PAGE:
2012 Ford Escape HybridEnlarge Photo
Tomorrow, Ford is hosting journalists at an unusual event called "Ford Uncovered," at which it may discuss some of its future products for 2020 and beyond.
Key among the questions that attendees will undoubtedly ask will be those about the company's strategy for electrified vehicles.
While Ford was the first U.S. carmaker to offer a hybrid vehicle, back in 2004, it hasn't released a single new hybrid or electric car in six model years.
The company walked away from hybrid SUVs after the 2012 model year, with the new 2013 Escape compact crossover offered with several engine options, but no hybrid variant.
That left U.S. buyers without a single compact hybrid crossover until 2016, when the Toyota RAV4 Hybrid launched.
That vehicle has since been wildly successful, selling 45,000 units its debut year, 50,000 last year, and essentially killing off the Prius V wagon, which did not offer all-wheel drive.
2016 Toyota RAV4 Hybrid, Catskill Mountains, NY, Feb 2016Enlarge Photo
Ford had followed that same path in 2013, when the Escape Hybrid was replaced with the C-Max Hybrid compact tall wagon, adapted from a European-style small minivan or "multi-purpose vehicle."
The C-Max lacked the option of all-wheel drive, however, which was specified on half of all the Escape Hybrids sold between 2004 and 2012, according to Ford data.
Granted, the C-Max offered an Energi plug-in hybrid variant as well, but neither had the tougher SUV styling or ground clearance of a crossover utility.
CHECK OUT: Ford C-Max Energi plug-in production over; Hybrid has only months left (Nov 2017)
Following not one but two reductions in its EPA fuel-economy ratings, sales of the C-Max languished. The plug-in hybrid C-Max Energi went out of production last year, and the conventional hybrid model will follow within a few months.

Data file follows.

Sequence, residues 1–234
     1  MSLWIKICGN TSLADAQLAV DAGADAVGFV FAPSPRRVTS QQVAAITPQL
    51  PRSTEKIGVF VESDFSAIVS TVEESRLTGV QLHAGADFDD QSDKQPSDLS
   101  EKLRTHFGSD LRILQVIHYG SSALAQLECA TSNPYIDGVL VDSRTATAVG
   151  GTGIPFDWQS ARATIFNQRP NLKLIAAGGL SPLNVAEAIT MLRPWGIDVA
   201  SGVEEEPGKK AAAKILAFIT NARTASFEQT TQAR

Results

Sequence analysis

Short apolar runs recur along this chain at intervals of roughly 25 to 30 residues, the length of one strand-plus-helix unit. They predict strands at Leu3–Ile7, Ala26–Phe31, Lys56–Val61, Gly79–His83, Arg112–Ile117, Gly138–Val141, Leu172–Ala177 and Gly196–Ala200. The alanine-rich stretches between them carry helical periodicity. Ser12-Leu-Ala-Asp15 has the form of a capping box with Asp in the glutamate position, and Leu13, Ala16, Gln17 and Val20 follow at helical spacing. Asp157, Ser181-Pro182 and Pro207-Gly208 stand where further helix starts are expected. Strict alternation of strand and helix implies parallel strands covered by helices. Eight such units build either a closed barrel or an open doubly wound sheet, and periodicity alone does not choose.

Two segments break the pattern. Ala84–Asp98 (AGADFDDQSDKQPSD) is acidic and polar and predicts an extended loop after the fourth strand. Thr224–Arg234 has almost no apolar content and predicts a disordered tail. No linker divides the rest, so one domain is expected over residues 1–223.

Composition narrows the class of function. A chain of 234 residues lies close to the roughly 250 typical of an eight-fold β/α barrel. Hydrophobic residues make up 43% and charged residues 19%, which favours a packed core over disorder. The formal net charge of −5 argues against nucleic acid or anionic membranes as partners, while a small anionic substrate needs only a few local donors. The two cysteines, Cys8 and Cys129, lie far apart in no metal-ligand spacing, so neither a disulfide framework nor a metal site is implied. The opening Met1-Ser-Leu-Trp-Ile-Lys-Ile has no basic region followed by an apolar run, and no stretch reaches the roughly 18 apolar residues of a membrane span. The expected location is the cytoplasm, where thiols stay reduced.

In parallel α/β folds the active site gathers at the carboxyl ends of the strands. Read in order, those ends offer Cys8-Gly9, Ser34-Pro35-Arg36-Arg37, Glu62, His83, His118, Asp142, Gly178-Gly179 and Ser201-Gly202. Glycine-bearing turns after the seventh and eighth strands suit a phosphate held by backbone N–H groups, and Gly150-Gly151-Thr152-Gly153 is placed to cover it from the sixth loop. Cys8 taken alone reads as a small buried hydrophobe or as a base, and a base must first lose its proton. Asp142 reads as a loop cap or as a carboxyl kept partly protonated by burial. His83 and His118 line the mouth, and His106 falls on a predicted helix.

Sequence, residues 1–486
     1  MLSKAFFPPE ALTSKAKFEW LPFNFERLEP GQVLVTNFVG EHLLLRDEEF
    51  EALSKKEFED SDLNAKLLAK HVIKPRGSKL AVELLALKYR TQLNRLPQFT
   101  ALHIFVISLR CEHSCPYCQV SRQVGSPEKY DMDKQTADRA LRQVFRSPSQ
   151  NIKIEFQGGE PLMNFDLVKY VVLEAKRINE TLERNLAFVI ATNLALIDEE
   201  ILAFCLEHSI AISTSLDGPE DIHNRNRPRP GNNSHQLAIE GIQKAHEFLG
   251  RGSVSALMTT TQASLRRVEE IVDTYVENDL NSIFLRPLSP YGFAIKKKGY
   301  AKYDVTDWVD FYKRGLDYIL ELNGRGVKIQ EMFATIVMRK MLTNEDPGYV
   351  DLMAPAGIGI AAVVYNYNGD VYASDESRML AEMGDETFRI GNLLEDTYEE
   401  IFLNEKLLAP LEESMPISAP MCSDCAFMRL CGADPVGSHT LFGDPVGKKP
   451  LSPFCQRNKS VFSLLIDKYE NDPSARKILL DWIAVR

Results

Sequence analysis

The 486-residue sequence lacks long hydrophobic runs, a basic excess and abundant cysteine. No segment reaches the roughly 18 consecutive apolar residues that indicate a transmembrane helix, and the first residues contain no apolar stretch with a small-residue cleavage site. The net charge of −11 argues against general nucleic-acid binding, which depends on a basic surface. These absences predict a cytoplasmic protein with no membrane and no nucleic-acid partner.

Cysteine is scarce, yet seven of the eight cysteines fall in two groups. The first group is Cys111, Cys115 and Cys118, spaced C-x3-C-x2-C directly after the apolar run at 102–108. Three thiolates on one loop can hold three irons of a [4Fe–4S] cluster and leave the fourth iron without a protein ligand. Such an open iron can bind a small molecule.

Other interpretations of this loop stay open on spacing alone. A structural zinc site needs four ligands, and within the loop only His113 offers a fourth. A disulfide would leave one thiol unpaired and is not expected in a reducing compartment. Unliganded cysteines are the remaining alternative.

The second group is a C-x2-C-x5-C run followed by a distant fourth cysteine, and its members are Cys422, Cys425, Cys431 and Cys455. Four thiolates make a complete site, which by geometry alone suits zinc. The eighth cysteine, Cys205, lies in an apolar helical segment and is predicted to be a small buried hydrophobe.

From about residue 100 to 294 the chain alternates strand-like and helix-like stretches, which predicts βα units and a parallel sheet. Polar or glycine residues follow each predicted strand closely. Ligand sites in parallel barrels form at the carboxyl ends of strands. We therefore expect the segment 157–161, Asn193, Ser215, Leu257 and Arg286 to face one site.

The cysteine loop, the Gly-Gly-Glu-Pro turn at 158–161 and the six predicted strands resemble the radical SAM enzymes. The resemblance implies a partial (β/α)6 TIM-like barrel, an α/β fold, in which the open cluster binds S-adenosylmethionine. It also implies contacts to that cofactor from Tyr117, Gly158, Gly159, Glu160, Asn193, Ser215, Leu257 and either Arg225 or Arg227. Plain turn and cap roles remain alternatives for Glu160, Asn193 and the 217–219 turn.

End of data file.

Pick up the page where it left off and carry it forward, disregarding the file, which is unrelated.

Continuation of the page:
Ford's only other hybrid model—the Fusion Hybrid mid-size sedan, along with an Energi plug-in variant—was launched back in 2012 as a 2013 vehicle.
As for battery-electric models, the Ford Focus Electric was launched even longer ago, in 2012. It got a battery-capacity upgrade for 2017 but its sales are at nothing more than compliance-car levels.
Honda CR-V Hybrid introduced at 2017 Shanghai auto showEnlarge Photo
With Toyota RAV4 Hybrid sales strong, the Nissan Rogue Hybrid also on the market, and a Honda CR-V Hybrid likely to arrive within a year or two, Ford would seem to be missing a beat in its traditionally strong compact crossover segment.
Will one be announced as part of the next Ford Escape, probably launching in 2020 as a 2021 model? (It will be sold in Europe, too, where it's known as the Ford Kuga.)
We'll watch tomorrow's event with great interest, since the company will likely talk at least somewhat about its plans for electrified vehicles.
After all, even if the EPA radically slashes the rules that have required steady improvements in vehicle efficiency in the U.S., the rest of the world has no intention of stepping away from increases in electric cars.
China will do it to give its local automakers a global edge, and to cut the dangerous air pollution in most of its major cities.
And Ford will have to comply there, because like all global makers, it needs access to the world's largest car market by far.
Ford Mustang in ChinaEnlarge Photo
Europe will do it because its leaders and citizens accept the scientific consensus on climate change.
The question tomorrow, then, may be not so much whether Ford will launch new hybrid and electric vehicles, but whether any of them will actually be sold in the U.S.—and whether it thinks buyers will show any interest.